Since the first camera lens, virtual technologies have changed the way we see the world and each other. But at what cost?by Will Self / July 15, 2020 / Leave a comment
Soon after the discovery of photography in the 1830s, mundane objects captured by the lens—a hairbrush, say, or a china cup—acquired a curious frisson when reproduced on photographic plates. People seeing photographs for the first time wouldn’t regard them as a single integrated view, but rather as details—marvelling at the way, for example, a mason had applied the mortar between the bricks of the house opposite their own. Wolfgang Schivelbusch, the great contemporary theorist of 19th-century mechanisation, puts it thus: “the intensive experience of the sensuous world, terminated by the industrial revolution, underwent a resurrection in the new institution of photography.”
Photography was soon also compensating its enthusiasts for the close-up immediacy annihilated by mechanised transport systems. The train window’s transparency metamorphosed into a magical immateriality, as the passenger ceased to be visually aware of his surroundings, but rather began to view the landscape the train passed through as a series of scenes or staged sets.
If photography supplied the foreground that was robbed by the train, then the train also delivered a huge array of new destinations. During the same period Marx developed his conception of commodities as goods rendered novel and mysterious by the fact of their transportation: imbued, like photographs, with assumptions about their production that turn them into screens; and onto which, in turn, people project their own twisted and exploitative relationships. He dubbed this “fetishism.”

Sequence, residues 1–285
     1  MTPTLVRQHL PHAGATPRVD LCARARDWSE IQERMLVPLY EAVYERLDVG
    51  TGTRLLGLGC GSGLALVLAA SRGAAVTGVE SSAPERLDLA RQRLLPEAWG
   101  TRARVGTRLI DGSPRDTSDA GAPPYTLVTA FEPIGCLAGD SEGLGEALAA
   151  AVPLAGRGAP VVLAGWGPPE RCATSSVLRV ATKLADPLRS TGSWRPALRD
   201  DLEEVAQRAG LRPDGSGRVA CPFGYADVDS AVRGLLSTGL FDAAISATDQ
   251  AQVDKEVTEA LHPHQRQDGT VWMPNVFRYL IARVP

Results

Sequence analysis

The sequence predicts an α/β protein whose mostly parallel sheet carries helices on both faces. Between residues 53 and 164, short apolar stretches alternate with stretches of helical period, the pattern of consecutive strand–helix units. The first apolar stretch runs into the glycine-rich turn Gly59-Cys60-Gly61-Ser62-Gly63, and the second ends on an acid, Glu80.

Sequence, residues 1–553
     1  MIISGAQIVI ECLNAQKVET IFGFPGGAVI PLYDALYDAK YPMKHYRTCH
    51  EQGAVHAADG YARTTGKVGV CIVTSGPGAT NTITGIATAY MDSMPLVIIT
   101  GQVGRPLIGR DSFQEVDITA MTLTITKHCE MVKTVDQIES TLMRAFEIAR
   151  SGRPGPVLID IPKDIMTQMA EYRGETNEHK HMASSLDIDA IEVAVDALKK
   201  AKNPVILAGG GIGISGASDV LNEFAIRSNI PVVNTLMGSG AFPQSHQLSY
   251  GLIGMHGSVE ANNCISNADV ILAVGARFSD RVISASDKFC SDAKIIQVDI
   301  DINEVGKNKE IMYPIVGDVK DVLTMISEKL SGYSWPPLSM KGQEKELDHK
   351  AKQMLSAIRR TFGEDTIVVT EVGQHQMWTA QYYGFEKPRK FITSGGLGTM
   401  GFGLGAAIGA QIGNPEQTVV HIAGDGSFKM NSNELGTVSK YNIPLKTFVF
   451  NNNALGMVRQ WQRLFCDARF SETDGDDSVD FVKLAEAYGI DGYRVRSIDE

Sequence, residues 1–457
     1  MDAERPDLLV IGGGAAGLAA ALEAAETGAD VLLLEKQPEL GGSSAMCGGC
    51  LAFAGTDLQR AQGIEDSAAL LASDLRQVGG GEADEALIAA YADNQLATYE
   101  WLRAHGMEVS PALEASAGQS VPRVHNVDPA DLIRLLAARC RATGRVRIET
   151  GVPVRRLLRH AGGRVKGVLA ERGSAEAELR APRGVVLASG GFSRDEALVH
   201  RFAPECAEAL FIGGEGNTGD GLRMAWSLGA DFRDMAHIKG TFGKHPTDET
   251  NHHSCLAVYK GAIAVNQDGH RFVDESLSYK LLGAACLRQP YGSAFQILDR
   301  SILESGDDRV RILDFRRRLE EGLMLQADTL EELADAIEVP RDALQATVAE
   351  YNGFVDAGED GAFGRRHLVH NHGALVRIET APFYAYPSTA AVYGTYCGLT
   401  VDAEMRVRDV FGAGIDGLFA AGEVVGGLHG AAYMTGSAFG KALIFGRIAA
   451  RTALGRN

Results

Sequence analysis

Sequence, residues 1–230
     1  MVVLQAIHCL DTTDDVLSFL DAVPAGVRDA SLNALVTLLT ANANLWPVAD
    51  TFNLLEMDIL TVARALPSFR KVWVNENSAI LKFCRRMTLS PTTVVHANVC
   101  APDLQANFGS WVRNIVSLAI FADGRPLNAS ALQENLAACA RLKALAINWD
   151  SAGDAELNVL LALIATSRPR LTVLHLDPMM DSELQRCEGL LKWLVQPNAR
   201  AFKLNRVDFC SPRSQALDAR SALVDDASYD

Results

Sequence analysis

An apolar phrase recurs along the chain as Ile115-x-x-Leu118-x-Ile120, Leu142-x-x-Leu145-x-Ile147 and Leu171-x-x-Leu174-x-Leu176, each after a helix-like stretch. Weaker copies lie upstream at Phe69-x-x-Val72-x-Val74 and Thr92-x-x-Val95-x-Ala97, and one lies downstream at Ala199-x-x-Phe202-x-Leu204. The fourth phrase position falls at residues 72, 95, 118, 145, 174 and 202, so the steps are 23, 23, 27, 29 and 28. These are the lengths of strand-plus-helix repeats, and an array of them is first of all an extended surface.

If the train took from us what Ruskin called “an influence, from the silent sky and slumbering fields, more effectual than known or confessed,” the telegraph and the telephone deprived us of those forms of sociality which depended on the presence of others. It’s a truth universally forgotten in our clock-watching era, that when the characters in a Jane Austen novel are expecting company on a given day, they simply wait until the visitors arrive. This imprecision in the time for a rendezvous allowed encounters to be unbounded: conversations expanded into discourses just as luncheon morphed into high tea then dinner. The Mad Hatter’s Tea Party, with its atemporal neuroticism, perfectly exemplifies the later mid-Victorian mood, caught as it was between murderous timekeeping and a neverending teatime.
Concurrent technologies of virtuality and transport are again proving to be reciprocally compensatory in our own pandemic times. In the 15 years between the inception of a…